Sunday, September 01, 2013


In all things, we should hold fast the confession of our hope. Our hope is our belief in our future deliverance into God’s presence for eternity through the death and resurrection of Christ.. And “hope” in Hebrews does not mean a wish, but a certainty of belief and expectation.  In fact, Hebrews 11:1 defines it for us. It says “Now faith is the assurance of things hoped for, the conviction of things not seen.” We do not see God, nor do we see our deliverance, but we believe and it is the certainty of it is what gives us the strength to survive the problems of life.

1 Peter 1:3-4 says that God caused us to be born again to a living hope. He defined that hope for us as “an inheritance that is imperishable, undefiled, and unfading, kept in heaven for you.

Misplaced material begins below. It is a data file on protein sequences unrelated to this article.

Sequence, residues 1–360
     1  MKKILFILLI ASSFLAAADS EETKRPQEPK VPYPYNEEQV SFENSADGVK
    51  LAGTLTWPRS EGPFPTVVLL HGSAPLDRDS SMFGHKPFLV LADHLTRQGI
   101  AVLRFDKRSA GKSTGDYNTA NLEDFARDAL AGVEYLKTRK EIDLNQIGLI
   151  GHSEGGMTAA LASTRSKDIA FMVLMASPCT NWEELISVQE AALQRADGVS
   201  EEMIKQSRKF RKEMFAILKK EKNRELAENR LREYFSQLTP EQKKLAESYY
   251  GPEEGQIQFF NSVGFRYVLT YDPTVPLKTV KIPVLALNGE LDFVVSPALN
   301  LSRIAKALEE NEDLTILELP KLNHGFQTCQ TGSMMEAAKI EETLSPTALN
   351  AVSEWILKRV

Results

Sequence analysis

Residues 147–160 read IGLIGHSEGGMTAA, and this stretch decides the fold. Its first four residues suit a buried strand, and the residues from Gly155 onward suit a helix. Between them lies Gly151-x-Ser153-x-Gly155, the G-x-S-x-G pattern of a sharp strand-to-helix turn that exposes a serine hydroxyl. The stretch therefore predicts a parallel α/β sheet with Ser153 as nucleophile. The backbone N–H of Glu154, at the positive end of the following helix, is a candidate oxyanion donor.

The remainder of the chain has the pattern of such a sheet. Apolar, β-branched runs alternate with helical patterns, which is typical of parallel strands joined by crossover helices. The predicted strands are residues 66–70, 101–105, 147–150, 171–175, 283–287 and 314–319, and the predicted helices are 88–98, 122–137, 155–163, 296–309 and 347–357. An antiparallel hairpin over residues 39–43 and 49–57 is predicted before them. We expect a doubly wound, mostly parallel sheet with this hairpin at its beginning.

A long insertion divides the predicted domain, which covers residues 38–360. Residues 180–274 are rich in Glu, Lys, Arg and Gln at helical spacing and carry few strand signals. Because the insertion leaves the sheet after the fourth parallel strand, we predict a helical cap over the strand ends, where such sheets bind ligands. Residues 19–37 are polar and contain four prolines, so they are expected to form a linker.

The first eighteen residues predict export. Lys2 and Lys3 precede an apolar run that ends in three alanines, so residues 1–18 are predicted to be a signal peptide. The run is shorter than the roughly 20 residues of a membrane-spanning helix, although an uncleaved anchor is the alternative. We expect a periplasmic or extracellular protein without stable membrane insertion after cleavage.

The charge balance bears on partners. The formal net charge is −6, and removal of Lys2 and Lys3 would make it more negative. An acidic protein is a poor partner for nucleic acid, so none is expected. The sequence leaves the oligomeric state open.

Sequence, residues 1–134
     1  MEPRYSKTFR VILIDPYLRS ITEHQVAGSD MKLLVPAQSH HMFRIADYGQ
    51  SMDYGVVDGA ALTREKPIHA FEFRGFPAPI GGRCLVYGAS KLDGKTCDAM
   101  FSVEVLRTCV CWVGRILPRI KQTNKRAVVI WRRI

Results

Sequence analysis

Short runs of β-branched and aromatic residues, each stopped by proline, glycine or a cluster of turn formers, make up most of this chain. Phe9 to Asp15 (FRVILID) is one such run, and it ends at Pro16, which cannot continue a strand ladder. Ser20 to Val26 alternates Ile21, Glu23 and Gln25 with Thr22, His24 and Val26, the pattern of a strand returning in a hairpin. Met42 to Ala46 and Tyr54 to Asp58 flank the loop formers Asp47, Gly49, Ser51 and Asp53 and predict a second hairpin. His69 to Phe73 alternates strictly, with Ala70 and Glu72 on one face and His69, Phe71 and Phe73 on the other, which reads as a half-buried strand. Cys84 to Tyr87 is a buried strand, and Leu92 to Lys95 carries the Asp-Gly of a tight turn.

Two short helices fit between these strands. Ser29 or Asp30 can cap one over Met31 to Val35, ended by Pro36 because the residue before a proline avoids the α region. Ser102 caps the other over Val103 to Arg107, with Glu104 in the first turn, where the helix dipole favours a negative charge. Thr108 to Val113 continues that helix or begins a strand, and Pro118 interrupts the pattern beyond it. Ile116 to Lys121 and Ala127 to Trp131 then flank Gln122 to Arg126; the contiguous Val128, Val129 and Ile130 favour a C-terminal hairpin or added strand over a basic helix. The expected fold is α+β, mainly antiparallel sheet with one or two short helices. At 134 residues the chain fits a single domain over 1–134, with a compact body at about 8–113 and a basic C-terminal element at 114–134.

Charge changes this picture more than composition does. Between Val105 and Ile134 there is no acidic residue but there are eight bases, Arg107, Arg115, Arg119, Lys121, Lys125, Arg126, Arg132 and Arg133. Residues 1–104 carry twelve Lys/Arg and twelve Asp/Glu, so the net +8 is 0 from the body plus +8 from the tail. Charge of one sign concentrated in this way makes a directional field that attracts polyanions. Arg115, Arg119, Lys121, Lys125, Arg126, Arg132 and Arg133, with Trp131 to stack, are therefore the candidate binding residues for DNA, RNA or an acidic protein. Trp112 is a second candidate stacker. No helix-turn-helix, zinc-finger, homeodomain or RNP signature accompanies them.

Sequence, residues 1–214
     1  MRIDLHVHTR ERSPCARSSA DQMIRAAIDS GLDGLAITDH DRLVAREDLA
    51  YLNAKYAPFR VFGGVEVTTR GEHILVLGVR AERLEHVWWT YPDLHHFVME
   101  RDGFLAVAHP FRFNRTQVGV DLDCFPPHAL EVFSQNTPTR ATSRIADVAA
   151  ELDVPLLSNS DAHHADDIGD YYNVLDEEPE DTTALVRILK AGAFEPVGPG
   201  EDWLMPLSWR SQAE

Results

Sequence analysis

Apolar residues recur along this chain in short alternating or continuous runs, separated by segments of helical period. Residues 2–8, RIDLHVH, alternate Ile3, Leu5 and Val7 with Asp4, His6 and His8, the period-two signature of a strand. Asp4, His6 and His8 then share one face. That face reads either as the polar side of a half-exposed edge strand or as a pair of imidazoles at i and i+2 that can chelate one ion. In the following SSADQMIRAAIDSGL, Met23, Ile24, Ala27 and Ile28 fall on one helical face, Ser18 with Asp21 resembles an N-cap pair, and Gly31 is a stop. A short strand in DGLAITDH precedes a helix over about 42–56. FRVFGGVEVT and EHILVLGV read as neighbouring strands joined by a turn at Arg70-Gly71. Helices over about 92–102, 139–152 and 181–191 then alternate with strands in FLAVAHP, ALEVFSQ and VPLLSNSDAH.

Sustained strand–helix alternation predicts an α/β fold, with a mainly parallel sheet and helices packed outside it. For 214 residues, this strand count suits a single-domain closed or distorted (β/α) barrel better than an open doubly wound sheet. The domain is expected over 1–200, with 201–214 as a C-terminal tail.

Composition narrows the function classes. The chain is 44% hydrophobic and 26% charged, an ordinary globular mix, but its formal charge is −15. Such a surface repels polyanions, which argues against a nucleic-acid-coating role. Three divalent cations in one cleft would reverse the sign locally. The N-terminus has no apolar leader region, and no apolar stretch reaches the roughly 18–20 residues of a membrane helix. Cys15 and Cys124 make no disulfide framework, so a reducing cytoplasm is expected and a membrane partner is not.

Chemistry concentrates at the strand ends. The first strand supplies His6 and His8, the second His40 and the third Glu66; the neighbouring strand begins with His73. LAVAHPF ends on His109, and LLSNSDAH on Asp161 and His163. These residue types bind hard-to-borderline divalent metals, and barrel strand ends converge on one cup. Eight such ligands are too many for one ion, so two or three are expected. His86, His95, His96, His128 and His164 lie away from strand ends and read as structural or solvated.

The writer of Hebrews said we should not only hold fast to the confession of our hope, but should do it without wavering. What is wavering? It is going back and forth between faith and doubt. Here is an example. Sometimes when I go to the park, I walk on one of those balance beams. The object is to walk about 10 feet on the narrow edge of a piece of wood. I prefer the ones close to the ground because I do not have good balance. So I get on there and start walking across. I lean to the left, then correct it. I lean to the right and correct it. If I keep at it, I make it to the end without falling off. In contrast, a gymnast gets up on the beam and walks straight down it without losing balance. That, I think, is the idea the New International Version tried to capture with the word “unswerving”.